We’ve learned a few things in helping support over 900 social enterprises around the world scale their operations with the help of our Experteers, Capacity Building Programs, research, and educational programming. Our work has touched early stage, award-winning enterprises long before they reached international acclaim, including groups like Inyenyeri, Sistema B, M-KOPA, Ubongo and BEMPU. At all stages in the social enterprise “pioneer gap”, we’ve been in the trenches with small, growing, and even large social enterprises. Along the way, we’ve scaled up our own award-winning social enterprise, too.
We’ve seen first hand what research continues to prove: Most social impact startups fall wildly short of their projections and end up going out business. The main reason? Social entrepreneurship is hard. Really hard. But there is another reason, too: founders, biased by their own egos and intuition, don’t take the time to truly embrace proven frameworks that will increase the odds of success.
Despite what you might think, there are no such things as visionary entrepreneurs. In fact, the number one reason that startups fail is because founders think they have an idea that will work, when in reality there is no market for it. This is why startup guidance is full of quotes like “fall in love with problems, not your solution”, “don’t become a technology in search of a problem” and “get out of the building”.
So how do you stack the odds in your favor when growing a social enterprise? Our guide below shares the most impactful frameworks and tools that you need to grow and scale your social enterprise. It’s still going to be a long, hard journey, but we’ve found that it helps to know that you’re not alone (even when it feels like you're riding a lion).
Why We Need You To Win
We can't solve problems by using the same kind of thinking we used when we created them. —Albert Einstein
Our planet can’t sustain the population under the current global, capitalistic system that operates today. Despite what many philanthropists think, we are not yet changing the world and are not likely to achieve the Sustainable Development Goals by 2030. In fact, we might even be hopelessly offtrack by the time 2020 rolls around.
But not all is lost.
Social enterprises not only solve social and/or environmental issues, but they also have a few other profound effects:
- Creating world-positive jobs for others, meaning people can find career opportunities that create a positive net impact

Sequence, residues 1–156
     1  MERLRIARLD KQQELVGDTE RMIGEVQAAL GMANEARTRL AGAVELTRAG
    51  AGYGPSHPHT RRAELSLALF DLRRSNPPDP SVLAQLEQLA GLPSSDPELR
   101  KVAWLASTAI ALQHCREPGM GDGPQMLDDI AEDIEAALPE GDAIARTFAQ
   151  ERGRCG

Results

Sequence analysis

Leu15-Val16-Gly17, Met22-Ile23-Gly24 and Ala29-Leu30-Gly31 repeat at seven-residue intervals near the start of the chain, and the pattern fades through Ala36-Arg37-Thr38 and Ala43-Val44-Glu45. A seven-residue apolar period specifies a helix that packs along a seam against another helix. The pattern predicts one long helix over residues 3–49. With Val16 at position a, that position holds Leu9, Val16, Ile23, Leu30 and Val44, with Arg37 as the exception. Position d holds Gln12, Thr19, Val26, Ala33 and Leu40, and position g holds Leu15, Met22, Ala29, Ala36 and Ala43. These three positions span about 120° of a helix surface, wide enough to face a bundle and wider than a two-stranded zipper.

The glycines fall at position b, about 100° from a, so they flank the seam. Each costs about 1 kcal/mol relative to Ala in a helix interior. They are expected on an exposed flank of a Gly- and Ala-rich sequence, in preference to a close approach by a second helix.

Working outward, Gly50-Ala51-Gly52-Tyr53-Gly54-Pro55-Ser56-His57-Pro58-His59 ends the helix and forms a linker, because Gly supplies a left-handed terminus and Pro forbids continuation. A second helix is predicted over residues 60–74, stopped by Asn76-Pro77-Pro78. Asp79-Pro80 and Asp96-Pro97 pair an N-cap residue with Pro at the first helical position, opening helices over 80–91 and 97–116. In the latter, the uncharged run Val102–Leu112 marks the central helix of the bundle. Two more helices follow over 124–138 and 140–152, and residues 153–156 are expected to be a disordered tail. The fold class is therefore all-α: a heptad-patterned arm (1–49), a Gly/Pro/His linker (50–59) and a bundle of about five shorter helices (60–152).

- Divesting financial capital away from net negative investments into world-positive ideas
- Forcing entire systems to change and become more socially responsible
So whether you are starting your own social enterprise, launching a new social enterprise within an existing organization, or simply using social enterprise thinking to mold your career into a more world-positive direction, this guide was written to help you be the change.
Definition of Social Enterprise
Social entrepreneurs identify resources where people only see problems... They begin with the assumption of competence and unleash resources in the communities they’re serving.” — David Bornstein, Author, How to Change the World: Social Entrepreneurs and the Power of New Ideas
For this guide, we’re going to define the term “social enterprise” in a way that might be new to you. Social enterprise is a verb (a way of doing things), not a noun (a specific thing). Social enterprises are not necessarily stand-alone businesses like any other “startup”. Social enterprise, rather, is a way of thinking that can live as a stand-alone initiative or be embedded within an existing organization. One of our more popular articles covers the 600+ year history of the social enterprise movement and explains some of the different legal entities that can use social enterprise thinking.
In the MovingWorlds Institute, we educate our Fellows to understand a social enterprise as:
“An entity that utilizes marked-based forces to solve social and environmental challenges through the creation of sustainable revenue streams – with the intention of positively influencing the larger systems and stakeholders around it.”
But there are shades of gray to this. You’ll most often hear the term “social enterprise” to refer to a “Benefit Corporation”, but it can also refer to a new public-sector team responsible for improving education in a city, or even a part-time job within a company to green your supply chain. Social enterprise thinking can exist in governments, education, non-profits, for-profits, and more.